Four pubs have shut shop in Indiranagar recently. While bar owners blamed activists, residents alleged that the pub owners violated norms, and that the BBMP failed to effectively implement laws.

Pubs in Bengalurus Indiranagar are shutting down but was a crackdown long overdue
news Civic Issues Thursday, November 28, 2019 - 13:54

It's a fact that hardly anyone speaks about. Most buildings in Bengaluru’s core areas are a fire safety hazard and 85% of them do not have occupancy certificates, admit Bruhat Bengaluru Mahanagara Palike (BBMP) officials. But it’s only over a year ago that the civic body began cracking down on commercial establishments, in particular pubs and bars, that did not have this mandatory certificate.   

In the last few weeks, several pubs have shut down in Bengaluru, with four in Indiranagar alone. These establishments were unable to procure an occupancy certificate either due to violation of building bye-laws or not meeting the fire safety norms. The first casualty as a result of these closures has been jobs, with scores of employees - waiters, bartenders, kitchen staff - now out of work. 

So, who is to blame? Was it the negligence of the building owners? Did the BBMP fail to enforce the laws or are the residents who sold or leased their properties to commercial establishments at fault? In order to understand the issue, one has to look into the various rules that were changed and how it affected Indiranagar’s landscape. 

The beginning

In the 1970s, when Indiranagar was conceptualised as a residential colony, defence personnel and civil servants lived in bungalows in this suburb of Bengaluru. However, the landscape of the area changed in the 1990s, and 100 ft road and the areas around HAL 1st and 2nd stage transformed into an upscale residential area. The problem, however, was that several low-rise buildings had violated building bye-laws and many did not have occupational certificates (OCs), BBMP Additional Director of Town Planning, B Prasad said.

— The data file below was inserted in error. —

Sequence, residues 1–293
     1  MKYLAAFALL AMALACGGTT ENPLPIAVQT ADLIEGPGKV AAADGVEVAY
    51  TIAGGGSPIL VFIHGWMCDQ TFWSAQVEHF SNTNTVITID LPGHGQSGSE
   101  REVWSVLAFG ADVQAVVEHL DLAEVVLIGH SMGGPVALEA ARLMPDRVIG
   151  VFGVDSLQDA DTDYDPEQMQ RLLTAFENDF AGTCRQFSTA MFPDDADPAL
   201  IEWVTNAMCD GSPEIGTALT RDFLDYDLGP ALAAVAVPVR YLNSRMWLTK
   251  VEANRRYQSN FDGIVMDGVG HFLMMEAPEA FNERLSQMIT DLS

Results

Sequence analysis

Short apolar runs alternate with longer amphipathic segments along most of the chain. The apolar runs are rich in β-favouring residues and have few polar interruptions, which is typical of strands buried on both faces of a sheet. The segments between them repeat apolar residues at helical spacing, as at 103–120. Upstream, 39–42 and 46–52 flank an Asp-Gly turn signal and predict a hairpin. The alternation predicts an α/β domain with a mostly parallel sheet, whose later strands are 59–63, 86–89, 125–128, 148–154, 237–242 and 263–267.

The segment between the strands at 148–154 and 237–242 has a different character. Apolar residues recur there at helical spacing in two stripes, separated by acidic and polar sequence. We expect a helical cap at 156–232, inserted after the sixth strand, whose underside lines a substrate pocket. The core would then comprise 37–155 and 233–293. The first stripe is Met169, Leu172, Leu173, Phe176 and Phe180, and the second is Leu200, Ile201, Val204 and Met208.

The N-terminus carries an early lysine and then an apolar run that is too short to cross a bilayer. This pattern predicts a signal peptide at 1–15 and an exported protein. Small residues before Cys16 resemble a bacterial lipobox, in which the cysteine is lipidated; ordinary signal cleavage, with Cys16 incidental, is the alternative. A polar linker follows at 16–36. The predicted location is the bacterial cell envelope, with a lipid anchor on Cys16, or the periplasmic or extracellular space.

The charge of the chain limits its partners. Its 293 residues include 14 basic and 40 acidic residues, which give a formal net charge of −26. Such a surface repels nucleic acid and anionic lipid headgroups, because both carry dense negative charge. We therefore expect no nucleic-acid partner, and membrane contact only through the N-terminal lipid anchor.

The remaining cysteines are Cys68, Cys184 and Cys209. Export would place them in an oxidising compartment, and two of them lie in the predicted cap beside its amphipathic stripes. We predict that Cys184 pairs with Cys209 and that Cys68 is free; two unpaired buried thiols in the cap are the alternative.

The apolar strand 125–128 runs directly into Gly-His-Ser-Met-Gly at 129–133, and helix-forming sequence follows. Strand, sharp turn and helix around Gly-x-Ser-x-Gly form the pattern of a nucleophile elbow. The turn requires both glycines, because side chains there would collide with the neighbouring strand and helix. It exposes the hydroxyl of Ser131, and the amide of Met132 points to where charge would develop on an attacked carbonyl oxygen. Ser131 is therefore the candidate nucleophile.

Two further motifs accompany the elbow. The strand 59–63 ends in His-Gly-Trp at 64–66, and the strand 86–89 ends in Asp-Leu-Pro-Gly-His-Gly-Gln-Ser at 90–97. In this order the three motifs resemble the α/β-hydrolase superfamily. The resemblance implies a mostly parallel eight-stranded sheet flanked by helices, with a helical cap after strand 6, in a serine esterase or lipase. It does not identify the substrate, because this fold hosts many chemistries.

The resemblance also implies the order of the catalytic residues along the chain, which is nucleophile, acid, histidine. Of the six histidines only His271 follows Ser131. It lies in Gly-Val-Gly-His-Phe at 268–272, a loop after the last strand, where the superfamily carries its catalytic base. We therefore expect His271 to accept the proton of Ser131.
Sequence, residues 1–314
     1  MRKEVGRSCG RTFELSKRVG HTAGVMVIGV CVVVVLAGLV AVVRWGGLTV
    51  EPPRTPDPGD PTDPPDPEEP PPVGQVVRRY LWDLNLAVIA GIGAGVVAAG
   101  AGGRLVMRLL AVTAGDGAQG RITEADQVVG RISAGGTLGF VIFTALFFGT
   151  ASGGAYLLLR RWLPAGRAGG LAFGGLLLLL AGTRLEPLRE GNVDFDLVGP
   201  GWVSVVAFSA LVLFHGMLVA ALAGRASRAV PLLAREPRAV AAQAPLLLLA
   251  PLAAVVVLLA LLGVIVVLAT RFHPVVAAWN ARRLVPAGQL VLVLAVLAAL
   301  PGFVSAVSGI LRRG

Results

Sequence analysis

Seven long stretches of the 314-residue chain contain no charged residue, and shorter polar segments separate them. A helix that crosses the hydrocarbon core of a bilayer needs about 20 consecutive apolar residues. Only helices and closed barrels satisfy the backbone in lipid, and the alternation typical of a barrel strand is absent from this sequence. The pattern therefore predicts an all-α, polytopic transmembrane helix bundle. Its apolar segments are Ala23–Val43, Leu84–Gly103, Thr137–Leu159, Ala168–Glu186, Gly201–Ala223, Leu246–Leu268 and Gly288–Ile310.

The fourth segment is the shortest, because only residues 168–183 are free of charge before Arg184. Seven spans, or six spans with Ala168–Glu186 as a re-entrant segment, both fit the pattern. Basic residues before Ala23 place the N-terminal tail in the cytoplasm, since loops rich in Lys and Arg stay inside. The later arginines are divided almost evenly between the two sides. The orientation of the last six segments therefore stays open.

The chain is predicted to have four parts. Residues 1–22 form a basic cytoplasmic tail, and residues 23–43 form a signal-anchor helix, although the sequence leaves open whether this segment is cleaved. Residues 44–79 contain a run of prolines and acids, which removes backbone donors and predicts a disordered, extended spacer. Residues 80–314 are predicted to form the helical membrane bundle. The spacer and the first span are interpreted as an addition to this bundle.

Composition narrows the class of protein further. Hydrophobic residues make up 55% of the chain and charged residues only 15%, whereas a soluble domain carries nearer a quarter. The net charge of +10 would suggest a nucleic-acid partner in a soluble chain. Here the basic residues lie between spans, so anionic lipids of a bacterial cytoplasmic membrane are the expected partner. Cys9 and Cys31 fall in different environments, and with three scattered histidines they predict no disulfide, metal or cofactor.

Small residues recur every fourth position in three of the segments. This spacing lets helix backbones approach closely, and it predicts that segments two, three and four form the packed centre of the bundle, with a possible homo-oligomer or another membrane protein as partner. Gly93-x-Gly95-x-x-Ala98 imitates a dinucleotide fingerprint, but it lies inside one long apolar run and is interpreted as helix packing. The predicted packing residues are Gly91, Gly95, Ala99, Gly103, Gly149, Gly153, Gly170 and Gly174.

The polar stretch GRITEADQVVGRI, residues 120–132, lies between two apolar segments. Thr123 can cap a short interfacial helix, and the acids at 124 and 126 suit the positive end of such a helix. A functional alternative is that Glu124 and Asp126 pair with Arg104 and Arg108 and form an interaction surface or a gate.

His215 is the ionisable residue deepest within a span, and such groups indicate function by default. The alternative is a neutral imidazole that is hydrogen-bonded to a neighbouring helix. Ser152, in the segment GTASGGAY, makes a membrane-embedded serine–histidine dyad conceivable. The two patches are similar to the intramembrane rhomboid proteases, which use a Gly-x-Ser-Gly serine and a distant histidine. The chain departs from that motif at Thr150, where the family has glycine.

In the early 2000s, Bengaluru still largely consisted of residential zones.  Due to rampant unplanned constructions in the years prior to 2003, Bengaluru had to face the reality of living with small roads. Taking into consideration Bengaluru’s existing infrastructure, the Revised Master Plan for 2015 was drawn up in February 2003 by the Bengaluru Development Authority (BDA). But BBMP officials alleged that the proposed Master Plan ended up increasing unplanned and rampant construction of commercial buildings. The BDA under then Chief Minister SM Krishna  introduced the 'mutation corridor' and made way for commercial establishments to come up along wider roads. 

This master plan created a backdoor entry for commercial establishments to come up in residential zones, alleged Indiranagar resident Swarna, a member of civic rights group I Change Indiranagar.

“After this, it was an unspoken thing that commercial establishments would inadvertently come up in residential areas if the roads were wider. This was because Bengaluru did not have big roads like other cities in the 1980s and 1990s,” said Sneha Nandihal, a resident of Indiranagar.